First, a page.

Given the refinery and the many Mobil gas stations in Southern California, I can certainly operate Socony-Vacuum tank cars on my layout, and indeed I have two.  One of them models the famous all-red scheme with the large “Mobilgas” lettering. Here is a prototype photo, taken in Los Angeles in the late 1950s (after the reporting mark change to SMX for Socony-Mobil), from the Bruce Petty collection. You have to love the spillage below the dome!

This scheme has been possible in HO scale for some time, both in factory paint and in decal form. Here is the model I have, inherited from Richard Hendrickson’s fleet. Note that it is a brighter red, not the faded-to-orange of the prototype photo above.

I also have a second Mobil tank car, this one in an earlier “Mobilgas” scheme, and it is a brass car from Precision Scale. It does have a problem, in that the reporting marks applied by the factory are SOVX, a reporting mark that never existed, as far as I can determine. (You can click on the image to enlarge it, if you wish.)

There was at one time a SVOX mark, for Socony-Vacuum Oil, but not SOVX. Moreover, the SVOX mark was replaced before 1950 by SVX. The solution, then, was simple: a paint patch to shorten the reporting marks.

This Precision Scale car is interesting in that it is an insulated and jacketed car, and has the kind of dome-top fixtures used for some chemical commodities. Although I don’t know the full range of products that were made at the Torrance refinery, several simple chemicals are certainly possible, and I will likely make waybills for this car accordingly.

Mobil petroleum products, and the “flying red horse” logo on service stations, were very familiar on the West Coast in the 1950s, my modeling era, so I am happy to operate both these cars on my layout.

Tony Thompson

Tuesday, April 13, 2021

Redetailing a C&BT Shops box car

 In the late 1980s, a new manufacturer of HO scale freight cars emerged onto the scene, called C&BT Shops. The models were produced from all-new tooling, and many of the car bodies were very well done. 

However, as I know from having lived in Pittsburgh at the time, and being acquainted with Dick Schweiger, the proprietor of C&BT Shops, there was a problem: molds for the detail parts sprues hadn’t been made before the original toolmaker passed away. The unfortunate result was good car bodies but very poor detail parts, created by a replacement toolmaker of distinctly less skill. 

It occurs to me that there must be modelers today who have never seen a C&BT kit. I show below one of the original kit boxes, which also serves to illustrate the era when C&BT Shops came onto the scene. The maroon and gray colors were very fashionable in the early 1990s, and the elegant “look” of the box was a considerable contrast to the ubiquitous kit boxes of the day from Athearn or Model Die Casting.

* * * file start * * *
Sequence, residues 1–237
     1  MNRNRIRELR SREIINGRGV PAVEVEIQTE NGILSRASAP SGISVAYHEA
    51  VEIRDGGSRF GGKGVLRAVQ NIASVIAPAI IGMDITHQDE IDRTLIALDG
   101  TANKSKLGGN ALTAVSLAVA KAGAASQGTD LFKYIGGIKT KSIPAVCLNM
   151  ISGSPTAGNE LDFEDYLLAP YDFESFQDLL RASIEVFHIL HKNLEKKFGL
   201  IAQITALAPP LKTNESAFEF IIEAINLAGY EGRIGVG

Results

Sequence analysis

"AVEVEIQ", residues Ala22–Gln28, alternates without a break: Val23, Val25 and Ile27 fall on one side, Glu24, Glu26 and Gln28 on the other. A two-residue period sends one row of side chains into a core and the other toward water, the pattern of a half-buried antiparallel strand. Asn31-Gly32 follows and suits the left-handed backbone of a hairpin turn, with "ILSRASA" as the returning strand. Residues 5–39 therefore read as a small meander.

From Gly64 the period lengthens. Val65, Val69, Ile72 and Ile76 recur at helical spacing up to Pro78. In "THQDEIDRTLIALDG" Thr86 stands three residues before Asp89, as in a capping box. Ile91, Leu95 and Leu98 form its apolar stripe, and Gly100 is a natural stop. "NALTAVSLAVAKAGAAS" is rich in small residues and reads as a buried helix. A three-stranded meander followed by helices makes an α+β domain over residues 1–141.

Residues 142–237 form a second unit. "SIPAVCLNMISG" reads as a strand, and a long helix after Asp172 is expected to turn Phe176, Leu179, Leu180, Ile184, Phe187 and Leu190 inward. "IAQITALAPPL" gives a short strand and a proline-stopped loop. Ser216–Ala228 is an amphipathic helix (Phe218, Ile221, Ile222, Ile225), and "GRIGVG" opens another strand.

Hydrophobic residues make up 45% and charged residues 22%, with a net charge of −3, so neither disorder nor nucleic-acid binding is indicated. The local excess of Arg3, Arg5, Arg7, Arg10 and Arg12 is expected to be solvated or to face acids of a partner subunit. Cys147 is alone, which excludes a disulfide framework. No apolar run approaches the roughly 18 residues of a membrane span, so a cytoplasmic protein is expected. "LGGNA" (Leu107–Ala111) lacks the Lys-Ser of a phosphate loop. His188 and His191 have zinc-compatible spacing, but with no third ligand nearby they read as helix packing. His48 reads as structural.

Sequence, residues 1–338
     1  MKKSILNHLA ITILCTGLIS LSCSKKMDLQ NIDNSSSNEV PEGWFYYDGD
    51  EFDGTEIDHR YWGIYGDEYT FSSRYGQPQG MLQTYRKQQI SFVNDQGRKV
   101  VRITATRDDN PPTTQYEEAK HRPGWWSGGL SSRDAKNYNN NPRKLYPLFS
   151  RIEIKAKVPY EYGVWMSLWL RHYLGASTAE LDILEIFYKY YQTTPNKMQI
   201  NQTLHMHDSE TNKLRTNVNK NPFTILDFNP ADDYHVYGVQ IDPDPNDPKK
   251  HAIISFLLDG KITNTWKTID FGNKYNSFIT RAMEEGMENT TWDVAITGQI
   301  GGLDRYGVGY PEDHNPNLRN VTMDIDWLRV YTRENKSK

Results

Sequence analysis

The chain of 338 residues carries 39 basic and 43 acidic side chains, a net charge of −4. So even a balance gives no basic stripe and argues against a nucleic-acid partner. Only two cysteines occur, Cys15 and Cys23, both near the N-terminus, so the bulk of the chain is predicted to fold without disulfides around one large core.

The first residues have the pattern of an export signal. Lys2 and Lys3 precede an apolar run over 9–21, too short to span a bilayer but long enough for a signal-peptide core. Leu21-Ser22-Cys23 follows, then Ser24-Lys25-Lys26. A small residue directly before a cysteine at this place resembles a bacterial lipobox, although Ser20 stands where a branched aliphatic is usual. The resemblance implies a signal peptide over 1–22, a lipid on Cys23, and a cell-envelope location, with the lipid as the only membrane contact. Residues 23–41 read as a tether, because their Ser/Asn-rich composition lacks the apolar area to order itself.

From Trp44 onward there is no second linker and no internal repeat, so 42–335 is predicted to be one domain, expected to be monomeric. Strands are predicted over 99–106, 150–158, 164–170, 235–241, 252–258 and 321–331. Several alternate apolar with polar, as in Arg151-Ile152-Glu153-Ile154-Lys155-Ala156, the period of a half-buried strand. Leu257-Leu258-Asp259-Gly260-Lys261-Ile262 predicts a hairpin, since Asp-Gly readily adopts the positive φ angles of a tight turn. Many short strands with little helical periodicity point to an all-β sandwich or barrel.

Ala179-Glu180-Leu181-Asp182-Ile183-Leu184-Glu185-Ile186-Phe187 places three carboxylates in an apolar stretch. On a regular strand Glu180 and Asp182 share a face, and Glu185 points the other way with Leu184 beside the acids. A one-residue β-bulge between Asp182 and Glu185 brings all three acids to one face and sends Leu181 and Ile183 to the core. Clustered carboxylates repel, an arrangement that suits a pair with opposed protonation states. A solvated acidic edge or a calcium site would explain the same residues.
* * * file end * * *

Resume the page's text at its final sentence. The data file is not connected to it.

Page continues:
At one point early in C&BT’s existence, Dick Schweiger gave me some discarded car bodies, surplus because they had been used to try out some variations in pad printing of lettering. Dick gave them to me rather than throwing them away, because I said I could use them as fodder for kit conversions. The body I am working on at the moment had smeared lettering on one side.

The core idea of any project to “rescue” these good C&BT car bodies, in essence, is to firmly propel all the kit detail parts into the wastebasket, and replace them with a variety of superior detail parts available today. In my case, I didn’t even have to discard any parts, because all I had was the donated car body. But I did make the same kind of fresh start, adding all new detail parts.

My first step was to fill all the attachment holes, intended for ladders and grab irons, with modeling putty (I use Tamiya gray). Then I added wire grab irons from Westerfield, and decent-looking ladders from my parts box (not sure of the origin). Here is the car, on “interim truck support blocks,” with its overly-heavy New York Central lettering, which I won’t retain.

Next came sill steps, and brake gear on the B end of the car. I used A-Line “Style A” sill steps, and some AB handbrake parts from the parts box. With all side and end details complete, I added a representation of a metal grid running board from Kadee, part 2001, attached with canopy glue, and was then ready for paint. 

First, I lightly primed sides and ends with Tamiya Fine Surface Primer, a nearly white color, to neutralize the existing lettering. It’s not necessary to make the color entirely uniform, only to lessen the contrast between body color and lettering.

Then I chose the Oxide Red color of Tamiya Fine Surface Primer as a body color. This paint has good covering power, so can easily color the entire car uniformly. It also has a light gloss, suitably for many decals.

This completes the modelling work on this project. I think it is evident on this car body what superior detail and proportions it has, things that are easier to see when the original kit’s clunky details are replaced. I have not decided which of several pending decal applications I want to use on this car, but it is ready for the next step. I’ll choose trucks to match the prototype being decaled.